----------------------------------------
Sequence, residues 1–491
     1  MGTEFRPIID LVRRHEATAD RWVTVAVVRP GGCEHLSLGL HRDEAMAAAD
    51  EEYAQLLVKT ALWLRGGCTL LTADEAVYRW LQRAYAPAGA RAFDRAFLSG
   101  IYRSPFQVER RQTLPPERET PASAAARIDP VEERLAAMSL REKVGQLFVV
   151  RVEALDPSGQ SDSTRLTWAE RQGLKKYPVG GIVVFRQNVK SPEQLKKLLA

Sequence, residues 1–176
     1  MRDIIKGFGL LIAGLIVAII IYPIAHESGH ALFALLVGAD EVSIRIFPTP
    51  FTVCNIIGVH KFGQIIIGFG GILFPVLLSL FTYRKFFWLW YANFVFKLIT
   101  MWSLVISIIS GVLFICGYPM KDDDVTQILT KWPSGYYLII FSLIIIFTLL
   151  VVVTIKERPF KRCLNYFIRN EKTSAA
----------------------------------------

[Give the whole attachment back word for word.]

Sequence, residues 1–491
     1  MGTEFRPIID LVRRHEATAD RWVTVAVVRP GGCEHLSLGL HRDEAMAAAD
    51  EEYAQLLVKT ALWLRGGCTL LTADEAVYRW LQRAYAPAGA RAFDRAFLSG
   101  IYRSPFQVER RQTLPPERET PASAAARIDP VEERLAAMSL REKVGQLFVV
   151  RVEALDPSGQ SDSTRLTWAE RQGLKKYPVG GIVVFRQNVK SPEQLKKLLA

Sequence, residues 1–176
     1  MRDIIKGFGL LIAGLIVAII IYPIAHESGH ALFALLVGAD EVSIRIFPTP
    51  FTVCNIIGVH KFGQIIIGFG GILFPVLLSL FTYRKFFWLW YANFVFKLIT
   101  MWSLVISIIS GVLFICGYPM KDDDVTQILT KWPSGYYLII FSLIIIFTLL
   151  VVVTIKERPF KRCLNYFIRN EKTSAA